I happen to use recipes from the powder manufacturers for most of my loads, although the Lyman manual has similar loads. Lyman definitely notes a “best” powder for each cartridge and bullet combination.

  2. When it comes to powders-check all cases after powder goes in, then check them again.. quick story- my buddy Donnie has YEARS experience reloading. He was experimenting with 300 blackout rounds and Unique powder. He somehow got a double charge of Unique(ONLY 10 grains!) in one case. Result? Blew the mag out of magwell, bulged upper receiver and BROKE the bolt carrier..only TEN grains.. it can happen to anyone. Luckily he was not injured. Go slow!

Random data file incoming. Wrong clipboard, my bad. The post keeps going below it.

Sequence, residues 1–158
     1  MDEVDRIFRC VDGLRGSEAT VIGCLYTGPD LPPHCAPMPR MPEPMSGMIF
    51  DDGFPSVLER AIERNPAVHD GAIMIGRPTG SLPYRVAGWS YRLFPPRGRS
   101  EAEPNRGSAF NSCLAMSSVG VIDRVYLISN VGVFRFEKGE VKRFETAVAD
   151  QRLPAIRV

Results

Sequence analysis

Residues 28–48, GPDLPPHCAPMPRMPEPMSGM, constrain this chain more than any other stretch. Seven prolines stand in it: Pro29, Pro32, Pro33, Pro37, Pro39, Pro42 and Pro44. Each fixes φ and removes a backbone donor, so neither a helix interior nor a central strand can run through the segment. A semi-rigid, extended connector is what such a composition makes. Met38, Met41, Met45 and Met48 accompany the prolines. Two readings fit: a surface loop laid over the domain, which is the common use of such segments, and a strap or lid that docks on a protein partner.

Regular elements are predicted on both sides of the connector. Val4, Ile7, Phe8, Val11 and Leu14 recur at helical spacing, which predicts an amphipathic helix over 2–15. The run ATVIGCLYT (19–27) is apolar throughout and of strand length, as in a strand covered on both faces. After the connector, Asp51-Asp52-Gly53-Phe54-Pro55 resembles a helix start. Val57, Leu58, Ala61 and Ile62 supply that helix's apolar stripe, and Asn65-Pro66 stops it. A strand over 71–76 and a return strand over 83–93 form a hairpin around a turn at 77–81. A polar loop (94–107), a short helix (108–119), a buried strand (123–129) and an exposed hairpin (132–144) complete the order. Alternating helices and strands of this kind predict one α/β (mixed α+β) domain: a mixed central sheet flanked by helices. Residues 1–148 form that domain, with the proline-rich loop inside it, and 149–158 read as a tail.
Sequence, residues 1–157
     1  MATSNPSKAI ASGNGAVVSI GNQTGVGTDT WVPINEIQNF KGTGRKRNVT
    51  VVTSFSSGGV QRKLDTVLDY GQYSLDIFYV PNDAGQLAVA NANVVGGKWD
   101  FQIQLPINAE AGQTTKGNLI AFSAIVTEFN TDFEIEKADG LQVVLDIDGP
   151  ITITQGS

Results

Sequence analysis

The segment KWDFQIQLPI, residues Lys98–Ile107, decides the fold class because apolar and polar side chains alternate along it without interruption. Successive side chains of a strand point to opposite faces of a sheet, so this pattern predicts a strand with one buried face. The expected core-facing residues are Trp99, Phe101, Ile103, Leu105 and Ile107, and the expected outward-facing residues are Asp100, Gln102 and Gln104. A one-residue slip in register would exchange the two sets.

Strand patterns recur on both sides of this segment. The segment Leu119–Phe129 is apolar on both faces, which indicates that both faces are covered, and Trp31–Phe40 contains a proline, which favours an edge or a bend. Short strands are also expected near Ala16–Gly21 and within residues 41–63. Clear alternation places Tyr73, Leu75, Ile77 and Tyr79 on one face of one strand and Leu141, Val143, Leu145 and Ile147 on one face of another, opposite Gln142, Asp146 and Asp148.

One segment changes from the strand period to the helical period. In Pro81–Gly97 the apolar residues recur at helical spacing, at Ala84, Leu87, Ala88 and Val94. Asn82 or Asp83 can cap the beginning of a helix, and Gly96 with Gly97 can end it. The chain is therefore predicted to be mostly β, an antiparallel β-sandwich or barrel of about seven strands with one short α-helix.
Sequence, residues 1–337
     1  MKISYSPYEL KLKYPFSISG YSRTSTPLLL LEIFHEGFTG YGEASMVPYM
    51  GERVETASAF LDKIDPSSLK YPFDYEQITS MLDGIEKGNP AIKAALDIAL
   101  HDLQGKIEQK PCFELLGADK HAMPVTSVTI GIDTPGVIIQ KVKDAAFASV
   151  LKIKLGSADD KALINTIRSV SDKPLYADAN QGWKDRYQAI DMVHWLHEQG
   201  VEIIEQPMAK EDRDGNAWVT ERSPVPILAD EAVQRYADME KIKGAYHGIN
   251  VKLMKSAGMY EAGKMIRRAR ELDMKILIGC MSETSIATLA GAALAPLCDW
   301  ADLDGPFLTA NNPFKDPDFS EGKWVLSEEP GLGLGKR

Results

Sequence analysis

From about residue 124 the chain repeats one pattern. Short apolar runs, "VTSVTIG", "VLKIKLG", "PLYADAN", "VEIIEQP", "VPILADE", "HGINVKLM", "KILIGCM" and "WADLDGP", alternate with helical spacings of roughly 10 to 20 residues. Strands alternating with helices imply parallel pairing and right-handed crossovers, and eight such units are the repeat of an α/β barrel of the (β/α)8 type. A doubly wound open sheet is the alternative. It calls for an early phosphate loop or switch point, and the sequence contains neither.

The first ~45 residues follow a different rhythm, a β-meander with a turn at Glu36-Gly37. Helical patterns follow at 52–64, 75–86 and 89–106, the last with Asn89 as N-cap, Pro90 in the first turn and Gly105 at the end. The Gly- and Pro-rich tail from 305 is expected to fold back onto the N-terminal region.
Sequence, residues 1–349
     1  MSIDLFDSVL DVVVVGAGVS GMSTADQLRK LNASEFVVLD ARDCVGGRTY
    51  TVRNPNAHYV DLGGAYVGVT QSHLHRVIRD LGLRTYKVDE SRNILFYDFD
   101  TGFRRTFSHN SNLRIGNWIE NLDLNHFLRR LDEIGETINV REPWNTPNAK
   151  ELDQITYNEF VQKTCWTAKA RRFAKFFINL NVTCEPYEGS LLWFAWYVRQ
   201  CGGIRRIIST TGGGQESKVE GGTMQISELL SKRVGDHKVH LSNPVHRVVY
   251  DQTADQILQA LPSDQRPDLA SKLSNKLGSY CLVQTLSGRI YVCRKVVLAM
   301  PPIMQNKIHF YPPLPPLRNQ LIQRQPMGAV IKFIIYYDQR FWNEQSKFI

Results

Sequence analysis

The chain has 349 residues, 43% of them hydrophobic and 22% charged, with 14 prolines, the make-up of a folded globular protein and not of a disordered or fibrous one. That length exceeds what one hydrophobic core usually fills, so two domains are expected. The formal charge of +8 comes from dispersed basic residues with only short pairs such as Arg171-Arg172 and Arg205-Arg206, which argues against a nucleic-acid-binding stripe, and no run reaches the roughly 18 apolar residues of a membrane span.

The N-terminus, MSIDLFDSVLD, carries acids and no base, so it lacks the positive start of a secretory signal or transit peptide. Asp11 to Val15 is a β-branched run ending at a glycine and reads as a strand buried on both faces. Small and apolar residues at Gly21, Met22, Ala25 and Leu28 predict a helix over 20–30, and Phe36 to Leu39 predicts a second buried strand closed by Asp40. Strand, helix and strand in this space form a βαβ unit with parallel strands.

3. This jumped out at me: ” I was still laboring under the idea that any self-defense round I carried needed to be a commercial round.”
    There are, as with anything, as many opinions about this as there are… a…… errr…. buttholes.
    However, that is a good idea to continue laboring under. Read the books and columns out there by people who have spent time defending use of deadly force cases. If the prosecutor can point to your self loads, and make the claim that you were knowingly loading them to be more lethal, it will take time and money to defend against that.
    Do not get me wrong, it is a piece of cake to defend against, and I will never say to not load your own self defense rounds, but are you going to really get better performance from them compared to commercially available rounds? Plenty of good, reliable, and effective self defense rounds out there. No reason to load your own and potentially add a day or two to a self defense trial.